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Article
October 3, 1986

Risks of Agranulocytosis and Aplastic AnemiaA First Report of Their Relation to Drug Use With Special Reference to Analgesics

JAMA. 1986;256(13):1749-1757. doi:10.1001/jama.1986.03380130077032
Abstract

The risks of agranulocytosis and aplastic anemia in relation to analgesic drug use were evaluated in a population-based case-control study conducted in Europe and Israel. Analgesic use in the week before the onset of illness was compared between 221 cases of agranulocytosis and 1425 hospital controls. Analgesics significantly associated with agranulocytosis were dipyrone (metamizol sodium), indomethacin, and butazones (phenylbutazone and oxyphenbutazone). For dipyrone, the rate ratio estimate was 23.7 in Ulm, West Germany, West Berlin, and Barcelona, Spain, and the estimated excess risk for any exposure in a one-week period was 1.1 per million. In Israel and Budapest, Hungary, where the rate ratio estimate was 0.8, there was no evidence of excess risk. In all of the regions combined, the rate ratio estimates were 8.9 for indomethacin and 3.8 for butazones, with excess risk estimates of 0.6 and 0.2 per million, respectively. Analgesic use 29 to 180 days before admission was compared between 113 cases of aplastic anemia and 1724 controls. Indomethacin (rate ratio estimate, 12.7), diclofenac sodium (8.8), and butazones (8.7) were significantly associated with aplastic anemia, with estimated excess risks for any exposure in a five-month period of 10.1, 6.8, and 6.6 per million, respectively.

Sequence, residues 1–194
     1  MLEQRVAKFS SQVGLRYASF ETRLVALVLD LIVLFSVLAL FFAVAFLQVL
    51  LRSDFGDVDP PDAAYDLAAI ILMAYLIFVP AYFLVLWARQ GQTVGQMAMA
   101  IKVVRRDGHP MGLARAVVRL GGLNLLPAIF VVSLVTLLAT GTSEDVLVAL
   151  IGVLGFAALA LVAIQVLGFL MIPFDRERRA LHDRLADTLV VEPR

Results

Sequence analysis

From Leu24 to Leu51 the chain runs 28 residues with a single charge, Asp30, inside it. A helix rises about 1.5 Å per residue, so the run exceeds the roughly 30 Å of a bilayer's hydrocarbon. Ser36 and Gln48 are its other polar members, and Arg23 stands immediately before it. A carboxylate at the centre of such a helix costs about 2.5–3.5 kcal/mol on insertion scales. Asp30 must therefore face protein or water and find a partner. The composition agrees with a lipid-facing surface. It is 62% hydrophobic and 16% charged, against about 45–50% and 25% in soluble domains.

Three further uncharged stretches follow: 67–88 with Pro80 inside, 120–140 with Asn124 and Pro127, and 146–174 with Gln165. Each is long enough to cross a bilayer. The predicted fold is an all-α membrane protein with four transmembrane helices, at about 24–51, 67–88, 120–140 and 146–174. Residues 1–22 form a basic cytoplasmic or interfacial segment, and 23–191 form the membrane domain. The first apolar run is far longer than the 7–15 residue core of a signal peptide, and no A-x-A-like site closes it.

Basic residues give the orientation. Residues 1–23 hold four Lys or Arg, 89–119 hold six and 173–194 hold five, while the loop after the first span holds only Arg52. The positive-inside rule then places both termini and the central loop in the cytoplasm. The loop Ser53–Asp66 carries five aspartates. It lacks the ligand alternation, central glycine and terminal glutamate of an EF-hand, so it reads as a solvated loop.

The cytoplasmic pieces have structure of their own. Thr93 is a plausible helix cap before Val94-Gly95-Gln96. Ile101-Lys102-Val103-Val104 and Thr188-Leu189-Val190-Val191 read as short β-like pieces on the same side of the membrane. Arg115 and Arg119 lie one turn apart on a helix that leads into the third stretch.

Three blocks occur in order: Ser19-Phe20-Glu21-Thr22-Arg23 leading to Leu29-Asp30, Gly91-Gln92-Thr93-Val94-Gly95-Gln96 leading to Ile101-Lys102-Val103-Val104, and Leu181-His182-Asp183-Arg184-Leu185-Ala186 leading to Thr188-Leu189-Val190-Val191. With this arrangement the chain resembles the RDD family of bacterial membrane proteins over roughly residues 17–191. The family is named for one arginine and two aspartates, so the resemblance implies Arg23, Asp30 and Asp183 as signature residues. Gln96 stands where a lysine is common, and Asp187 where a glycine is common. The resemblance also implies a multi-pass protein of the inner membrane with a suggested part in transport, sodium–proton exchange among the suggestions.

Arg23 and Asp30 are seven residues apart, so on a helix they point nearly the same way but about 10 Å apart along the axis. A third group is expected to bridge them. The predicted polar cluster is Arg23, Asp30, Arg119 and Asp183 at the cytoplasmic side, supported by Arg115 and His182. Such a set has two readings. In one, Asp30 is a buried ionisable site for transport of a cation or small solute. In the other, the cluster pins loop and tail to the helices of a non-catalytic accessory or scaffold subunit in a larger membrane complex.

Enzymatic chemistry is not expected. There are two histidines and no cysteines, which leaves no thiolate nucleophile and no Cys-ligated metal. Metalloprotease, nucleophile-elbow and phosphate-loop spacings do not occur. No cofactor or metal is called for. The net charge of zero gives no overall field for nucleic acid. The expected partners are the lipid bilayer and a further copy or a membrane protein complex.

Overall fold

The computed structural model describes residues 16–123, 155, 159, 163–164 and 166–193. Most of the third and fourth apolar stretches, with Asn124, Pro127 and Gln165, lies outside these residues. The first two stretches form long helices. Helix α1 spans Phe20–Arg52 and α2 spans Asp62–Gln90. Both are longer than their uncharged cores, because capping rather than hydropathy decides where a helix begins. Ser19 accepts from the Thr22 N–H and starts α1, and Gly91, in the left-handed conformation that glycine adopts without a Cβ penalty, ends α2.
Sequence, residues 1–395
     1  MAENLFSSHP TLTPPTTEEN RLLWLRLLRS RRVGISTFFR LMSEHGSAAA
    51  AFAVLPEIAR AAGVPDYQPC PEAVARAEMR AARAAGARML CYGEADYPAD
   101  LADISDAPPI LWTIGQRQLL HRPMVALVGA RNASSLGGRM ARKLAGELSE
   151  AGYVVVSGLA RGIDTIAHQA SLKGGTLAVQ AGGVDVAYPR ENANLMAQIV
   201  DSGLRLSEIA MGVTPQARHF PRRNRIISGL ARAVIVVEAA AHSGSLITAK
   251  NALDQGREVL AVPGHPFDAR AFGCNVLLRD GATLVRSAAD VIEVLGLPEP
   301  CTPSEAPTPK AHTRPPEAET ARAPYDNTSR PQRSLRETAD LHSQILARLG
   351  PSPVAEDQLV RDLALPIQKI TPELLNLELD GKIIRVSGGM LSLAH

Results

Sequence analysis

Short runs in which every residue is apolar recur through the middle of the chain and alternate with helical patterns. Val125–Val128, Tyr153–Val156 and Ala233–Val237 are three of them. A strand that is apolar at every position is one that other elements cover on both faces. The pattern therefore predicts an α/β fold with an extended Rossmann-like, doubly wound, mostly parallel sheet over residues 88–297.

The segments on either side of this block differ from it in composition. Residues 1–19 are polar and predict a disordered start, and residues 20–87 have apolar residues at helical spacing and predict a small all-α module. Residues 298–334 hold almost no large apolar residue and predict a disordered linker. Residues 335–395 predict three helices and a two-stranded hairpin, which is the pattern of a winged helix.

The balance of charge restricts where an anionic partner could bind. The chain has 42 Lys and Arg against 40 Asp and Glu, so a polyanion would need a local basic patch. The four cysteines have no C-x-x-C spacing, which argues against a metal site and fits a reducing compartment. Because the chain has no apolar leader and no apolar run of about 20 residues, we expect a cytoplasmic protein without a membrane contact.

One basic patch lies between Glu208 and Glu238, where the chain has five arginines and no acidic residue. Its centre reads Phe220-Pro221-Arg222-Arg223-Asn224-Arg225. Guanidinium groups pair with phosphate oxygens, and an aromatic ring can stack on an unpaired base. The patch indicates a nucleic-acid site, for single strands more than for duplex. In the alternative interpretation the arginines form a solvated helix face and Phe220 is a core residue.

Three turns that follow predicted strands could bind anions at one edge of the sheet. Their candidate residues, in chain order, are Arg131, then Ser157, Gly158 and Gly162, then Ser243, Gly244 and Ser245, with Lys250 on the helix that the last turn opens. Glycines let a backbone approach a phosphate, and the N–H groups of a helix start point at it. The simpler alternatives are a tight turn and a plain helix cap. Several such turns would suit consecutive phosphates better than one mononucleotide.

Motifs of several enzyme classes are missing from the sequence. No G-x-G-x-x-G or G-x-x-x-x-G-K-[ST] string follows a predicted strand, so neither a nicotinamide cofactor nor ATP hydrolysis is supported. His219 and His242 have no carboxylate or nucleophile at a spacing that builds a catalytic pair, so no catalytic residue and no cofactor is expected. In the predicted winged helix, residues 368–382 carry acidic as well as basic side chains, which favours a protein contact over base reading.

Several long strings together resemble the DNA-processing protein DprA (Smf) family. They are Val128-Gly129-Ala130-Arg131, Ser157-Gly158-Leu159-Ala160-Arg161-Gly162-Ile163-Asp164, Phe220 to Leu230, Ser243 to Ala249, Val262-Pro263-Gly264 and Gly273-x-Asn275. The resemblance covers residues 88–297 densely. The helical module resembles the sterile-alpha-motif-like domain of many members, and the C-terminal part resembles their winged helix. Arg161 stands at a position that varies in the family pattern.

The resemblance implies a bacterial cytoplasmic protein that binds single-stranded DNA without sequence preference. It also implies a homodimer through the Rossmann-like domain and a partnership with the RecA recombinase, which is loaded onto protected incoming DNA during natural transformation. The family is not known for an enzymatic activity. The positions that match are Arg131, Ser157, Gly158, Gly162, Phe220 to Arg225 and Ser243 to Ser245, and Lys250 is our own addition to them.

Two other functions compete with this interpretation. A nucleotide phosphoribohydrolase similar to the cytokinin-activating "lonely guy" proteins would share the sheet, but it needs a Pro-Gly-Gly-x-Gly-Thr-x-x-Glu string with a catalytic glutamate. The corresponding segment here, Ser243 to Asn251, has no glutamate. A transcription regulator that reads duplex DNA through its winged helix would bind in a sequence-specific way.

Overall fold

(JAMA 1986;256:1749-1757)

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